ESPN.com's Brian Windhorst reports the Lakers have acquired point guard Ramon Sessions from the Cavs in exchange for their first round pick in 2012. The Lakers will also receive second year wing player Christian Eyenga, and in addition to the pick will send out Luke Walton and his Everlasting Gobstopper contract to Cleveland, along with Jason Kapono.
This, people, is a very, very good deal, for the following reasons:
Sessions is a major upgrade for the Lakers at point guard. He's averaging 10.5 points and 5.2 assists per game in only 24.5 minutes. To this point in the season, L.A.'s PG's have averaged 12 points a game as a group, the lowest figure in the NBA. Needless to say this sort of production makes a huge difference. More importantly, he has a skill set badly needed by the Lakers, namely an ability to run the pick and roll, penetrate from the wing, and finish from the basket. Derek Fisher and Steve Blake average about one shot a game at the rim between the two of them. Even when they're in the paint, they're not a threat to score. Sessions absolutely is, which will change the way defenses have to address Andrew Bynum and Pau Gasol down low.
The Lakers preserved their trade exception. Meaning whether now or down the line, the can find a player (or players) able to upgrade the roster at other positions. They also retain another pick in this year's draft, which they can either use or flip as needed. Moreover, by moving Walton, they're able to absorb Sessions' salary this year and next, should he decide to pick up his $4.5 million player option.
They've taken pressure off Kobe Bryant. By having another player on the floor who can reliably direct the offense, distribute to the bigs, and is a threat to score, Mike Brown and Co. will have much more freedom to move him away from the ball, creating better and more efficient shot opportunities. Meanwhile, you can still run the Bryant/Gasol/Bynum pick-and-roll sets that have been so effective for the Lakers this season.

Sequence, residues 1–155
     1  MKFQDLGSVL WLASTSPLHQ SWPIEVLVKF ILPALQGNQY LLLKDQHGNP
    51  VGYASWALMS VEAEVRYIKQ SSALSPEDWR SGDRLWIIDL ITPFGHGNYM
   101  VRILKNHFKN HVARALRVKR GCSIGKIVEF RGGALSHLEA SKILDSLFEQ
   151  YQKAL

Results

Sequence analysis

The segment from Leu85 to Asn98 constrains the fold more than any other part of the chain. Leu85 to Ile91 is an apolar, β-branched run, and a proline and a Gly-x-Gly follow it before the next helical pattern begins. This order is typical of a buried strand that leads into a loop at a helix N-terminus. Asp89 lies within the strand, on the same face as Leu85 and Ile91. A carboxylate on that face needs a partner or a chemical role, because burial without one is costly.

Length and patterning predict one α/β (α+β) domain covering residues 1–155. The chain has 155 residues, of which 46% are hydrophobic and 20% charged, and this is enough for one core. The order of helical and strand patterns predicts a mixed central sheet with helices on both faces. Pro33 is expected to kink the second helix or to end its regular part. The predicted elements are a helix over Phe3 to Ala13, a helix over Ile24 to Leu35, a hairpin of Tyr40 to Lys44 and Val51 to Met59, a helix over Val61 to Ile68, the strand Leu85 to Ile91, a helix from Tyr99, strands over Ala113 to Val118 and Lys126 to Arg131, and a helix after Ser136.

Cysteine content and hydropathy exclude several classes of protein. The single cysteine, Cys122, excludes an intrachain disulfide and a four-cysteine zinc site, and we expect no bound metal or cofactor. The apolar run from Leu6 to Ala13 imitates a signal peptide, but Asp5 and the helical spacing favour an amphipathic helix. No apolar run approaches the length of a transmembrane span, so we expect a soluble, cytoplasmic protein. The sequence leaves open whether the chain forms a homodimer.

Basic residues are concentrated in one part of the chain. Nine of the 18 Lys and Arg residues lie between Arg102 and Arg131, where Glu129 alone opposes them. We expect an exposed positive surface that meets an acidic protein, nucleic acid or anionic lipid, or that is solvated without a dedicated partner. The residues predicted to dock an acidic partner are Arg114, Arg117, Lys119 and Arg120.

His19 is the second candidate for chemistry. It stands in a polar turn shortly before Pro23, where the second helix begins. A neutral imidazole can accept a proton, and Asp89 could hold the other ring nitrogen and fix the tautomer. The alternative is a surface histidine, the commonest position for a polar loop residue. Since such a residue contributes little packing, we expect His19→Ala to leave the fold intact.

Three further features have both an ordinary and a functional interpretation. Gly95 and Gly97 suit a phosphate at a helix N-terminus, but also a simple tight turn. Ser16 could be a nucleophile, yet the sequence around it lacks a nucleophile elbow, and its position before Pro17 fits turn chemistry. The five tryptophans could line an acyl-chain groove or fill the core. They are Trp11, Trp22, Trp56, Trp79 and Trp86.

Questionable outside shooting (until this season, at least) and an underwhelming defensive profile mean Sessions isn't an elite level point guard. If he was, a first round pick and Luke Walton wouldn't have brought him here. Except the Lakers don't need that. On a per minute basis, Sessions has always been a very productive player, and even if he's merely league-average he will elevate the rotation in tangible ways.
There are a few potential issues. If the Lakers end the day with both Blake and Fisher still on the roster, Brown will have to figure out how to work his rotation. From a pure basketball standpoint, Sessions would receive the bulk of the minutes backed up by Blake, and Fisher would pile up DNP's more nights than not. On the Lakers, that presents a few political problems that could impact the team dynamic. But this is the sort of thing that can be worked out. Brown will also have to get Sessions up to speed defensively very quickly. Again, that's something that can be done.
The bottom line is this: The Lakers, without giving up any truly significant assets and retaining the significant advantage provided by two immensely skilled seven footers inside have improved themselves at their greatest weak spot. If Sessions performs as expected, he pushes them very near the top of the Western Conference. Are they better than Oklahoma City? I'd still say no . . . but they're a lot closer, and have given themselves a legitimate chance to make a run this postseason.